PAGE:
At the forum on environmental justice, the EcoWaste Coalition pushed for the inclusion in the draft procedural rules on environmental cases the presence of dumpsites, mixed waste disposal facilities and incinerators as prima facie violation of the Clean Air Act and the Ecological Solid Waste Management Act.

To back up their advocacy for zero waste, the EcoWaste Coalition provided the justices, judges and other forum participants with copies of the brochure “Zero Waste for Zero Warming” published by the Global Alliance for Incinerator Alternatives (GAIA).

According to GAIA, a comprehensive program of waste prevention, reduction, reuse, recycling and composting known as zero waste is among the cheapest and most effective strategies to combat climate change and promote environmental justice.

Zero waste can be implemented within months and at any level (institutional, municipal or national), conserving the country’s natural resource base, preventing toxic pollution that inevitably accompanies incinerators and landfills, and producing more jobs than the prevailing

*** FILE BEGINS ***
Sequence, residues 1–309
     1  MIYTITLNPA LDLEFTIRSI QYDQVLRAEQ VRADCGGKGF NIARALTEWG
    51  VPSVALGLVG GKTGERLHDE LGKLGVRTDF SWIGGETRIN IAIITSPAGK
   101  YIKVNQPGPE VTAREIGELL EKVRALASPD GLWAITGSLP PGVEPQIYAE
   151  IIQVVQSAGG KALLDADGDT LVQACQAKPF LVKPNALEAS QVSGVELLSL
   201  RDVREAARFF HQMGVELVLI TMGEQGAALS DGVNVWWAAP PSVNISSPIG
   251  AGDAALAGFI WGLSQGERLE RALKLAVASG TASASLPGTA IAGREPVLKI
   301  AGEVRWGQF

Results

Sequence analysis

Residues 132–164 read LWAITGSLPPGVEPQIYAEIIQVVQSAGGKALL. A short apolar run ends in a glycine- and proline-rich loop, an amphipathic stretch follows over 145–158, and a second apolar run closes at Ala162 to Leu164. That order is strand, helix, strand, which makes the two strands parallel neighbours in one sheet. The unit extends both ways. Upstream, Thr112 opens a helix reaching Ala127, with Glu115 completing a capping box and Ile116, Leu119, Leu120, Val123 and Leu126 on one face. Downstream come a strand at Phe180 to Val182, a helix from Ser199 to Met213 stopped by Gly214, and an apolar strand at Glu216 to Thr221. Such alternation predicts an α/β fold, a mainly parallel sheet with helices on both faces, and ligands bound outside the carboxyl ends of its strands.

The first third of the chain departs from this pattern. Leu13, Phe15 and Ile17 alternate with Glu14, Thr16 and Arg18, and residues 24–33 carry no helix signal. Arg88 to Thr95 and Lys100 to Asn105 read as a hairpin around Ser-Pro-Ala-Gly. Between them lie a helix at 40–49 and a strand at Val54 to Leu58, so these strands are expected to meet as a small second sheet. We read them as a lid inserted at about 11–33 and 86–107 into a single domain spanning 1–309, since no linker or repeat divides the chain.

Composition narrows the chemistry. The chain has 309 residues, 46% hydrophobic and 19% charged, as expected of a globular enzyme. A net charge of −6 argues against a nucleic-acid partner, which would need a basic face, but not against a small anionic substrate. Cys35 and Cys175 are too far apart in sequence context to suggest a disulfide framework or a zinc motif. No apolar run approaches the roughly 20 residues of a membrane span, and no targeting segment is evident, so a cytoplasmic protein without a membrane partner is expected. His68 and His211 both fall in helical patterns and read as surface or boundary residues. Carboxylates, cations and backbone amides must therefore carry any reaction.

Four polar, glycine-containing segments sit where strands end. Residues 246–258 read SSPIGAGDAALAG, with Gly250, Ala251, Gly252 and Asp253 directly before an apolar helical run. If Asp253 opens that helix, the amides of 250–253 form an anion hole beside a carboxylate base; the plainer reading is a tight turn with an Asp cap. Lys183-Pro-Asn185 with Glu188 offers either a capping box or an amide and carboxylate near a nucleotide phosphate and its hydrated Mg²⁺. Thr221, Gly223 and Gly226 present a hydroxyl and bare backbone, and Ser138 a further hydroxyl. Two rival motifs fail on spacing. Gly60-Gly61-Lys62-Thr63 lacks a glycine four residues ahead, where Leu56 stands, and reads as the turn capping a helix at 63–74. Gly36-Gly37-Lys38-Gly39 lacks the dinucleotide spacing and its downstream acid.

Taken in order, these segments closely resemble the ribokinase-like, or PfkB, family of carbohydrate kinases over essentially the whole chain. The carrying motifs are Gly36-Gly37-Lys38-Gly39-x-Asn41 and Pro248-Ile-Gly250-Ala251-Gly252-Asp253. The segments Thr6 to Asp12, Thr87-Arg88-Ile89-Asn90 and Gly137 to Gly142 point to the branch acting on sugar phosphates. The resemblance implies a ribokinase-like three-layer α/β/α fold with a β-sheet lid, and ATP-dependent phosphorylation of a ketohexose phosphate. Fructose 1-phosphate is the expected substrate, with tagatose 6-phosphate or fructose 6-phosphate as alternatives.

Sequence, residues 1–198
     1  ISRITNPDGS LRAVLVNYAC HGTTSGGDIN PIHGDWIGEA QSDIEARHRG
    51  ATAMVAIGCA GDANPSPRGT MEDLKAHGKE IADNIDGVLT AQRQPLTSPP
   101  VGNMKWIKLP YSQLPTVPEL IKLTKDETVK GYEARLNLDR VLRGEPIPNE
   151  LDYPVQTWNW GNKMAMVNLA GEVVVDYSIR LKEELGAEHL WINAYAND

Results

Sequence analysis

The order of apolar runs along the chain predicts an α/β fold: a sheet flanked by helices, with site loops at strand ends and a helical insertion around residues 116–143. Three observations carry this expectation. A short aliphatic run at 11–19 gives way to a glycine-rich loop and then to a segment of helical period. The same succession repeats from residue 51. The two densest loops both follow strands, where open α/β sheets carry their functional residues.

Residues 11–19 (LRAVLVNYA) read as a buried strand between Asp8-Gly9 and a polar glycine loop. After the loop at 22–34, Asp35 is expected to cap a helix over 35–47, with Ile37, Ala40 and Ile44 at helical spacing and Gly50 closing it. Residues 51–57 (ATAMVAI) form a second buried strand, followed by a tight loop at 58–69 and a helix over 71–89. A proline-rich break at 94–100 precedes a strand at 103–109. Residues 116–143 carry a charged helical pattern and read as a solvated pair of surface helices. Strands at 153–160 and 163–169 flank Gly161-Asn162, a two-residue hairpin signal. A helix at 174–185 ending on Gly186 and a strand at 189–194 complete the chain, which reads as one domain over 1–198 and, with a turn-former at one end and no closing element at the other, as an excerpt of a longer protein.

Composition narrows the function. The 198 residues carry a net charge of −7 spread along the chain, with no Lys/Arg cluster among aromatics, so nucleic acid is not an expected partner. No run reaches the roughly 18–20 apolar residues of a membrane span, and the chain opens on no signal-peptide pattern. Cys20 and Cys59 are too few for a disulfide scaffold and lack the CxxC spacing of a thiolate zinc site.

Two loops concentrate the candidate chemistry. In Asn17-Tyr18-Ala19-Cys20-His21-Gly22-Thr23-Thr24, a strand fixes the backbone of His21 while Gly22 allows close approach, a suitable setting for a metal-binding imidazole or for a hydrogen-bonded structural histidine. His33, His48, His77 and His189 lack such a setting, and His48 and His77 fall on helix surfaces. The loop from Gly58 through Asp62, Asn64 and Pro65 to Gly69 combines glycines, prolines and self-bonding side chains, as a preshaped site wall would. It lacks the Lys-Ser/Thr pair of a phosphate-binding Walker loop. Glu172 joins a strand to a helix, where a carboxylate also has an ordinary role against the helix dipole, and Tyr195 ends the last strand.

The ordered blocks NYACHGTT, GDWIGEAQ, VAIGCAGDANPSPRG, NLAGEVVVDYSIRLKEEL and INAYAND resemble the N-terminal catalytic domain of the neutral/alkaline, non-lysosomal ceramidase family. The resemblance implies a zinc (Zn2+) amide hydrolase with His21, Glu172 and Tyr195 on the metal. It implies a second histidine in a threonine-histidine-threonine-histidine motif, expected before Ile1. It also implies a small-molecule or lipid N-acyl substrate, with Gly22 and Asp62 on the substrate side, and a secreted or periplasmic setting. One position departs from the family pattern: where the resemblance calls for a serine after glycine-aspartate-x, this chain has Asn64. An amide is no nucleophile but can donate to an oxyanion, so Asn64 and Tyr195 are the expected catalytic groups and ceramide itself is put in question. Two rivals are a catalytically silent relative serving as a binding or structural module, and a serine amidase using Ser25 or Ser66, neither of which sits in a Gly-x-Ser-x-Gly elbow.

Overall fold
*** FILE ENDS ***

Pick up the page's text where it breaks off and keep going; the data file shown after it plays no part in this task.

‘hakot-tambak’ system.

EcoWaste Coalition
Unit 329, Eagle Court Condominium, Matalino St.
Quezon City, Philippines
+63 2 441-1846
ecowastecoalition@yahoo.com

13 April 2009

50 Groups Chide Sec. Duque for Tainted Peanut Butter Incineration

Quezon City. Fifty public interest groups have chided Health Secretary Francisco Duque III for “blatant violation and contempt of the incineration ban” for leading the destruction of salmonella-tainted peanut butter in an obscure incinerator in Taguig City last week.

Last Tuesday, April 7, Sec. Duque watched over the televised incineration of 3,631 bottles of contaminated peanut butter at the Intercontinental Wastes Disposal System, Inc. (IWDSI), which the Samuya Manufacturing Inc. contracted to destroy the infected stocks.

In a letter delivered today at the DOH headquarters in Sta. Cruz, Manila, the groups led by the EcoWaste Coalition strongly assailed what they described as a “despicable disregard of the law against incineration.”

Doctors, lawyers, priests and nuns, celebrities, and activists were among those who rushed to the defense of Republic Act 8749 or the Clean Air Act that bans the burning of municipal, bio-medical and hazardous wastes, which process emits poisonous and toxic fumes.

“By openly circumventing the law in this case, the DOH has become a party to the unnecessary and untenable propagation of a formidable public hazard, which could have been avoided given the availability of alternative methods of dealing with the problem of salmonella tainted products,” the letter said.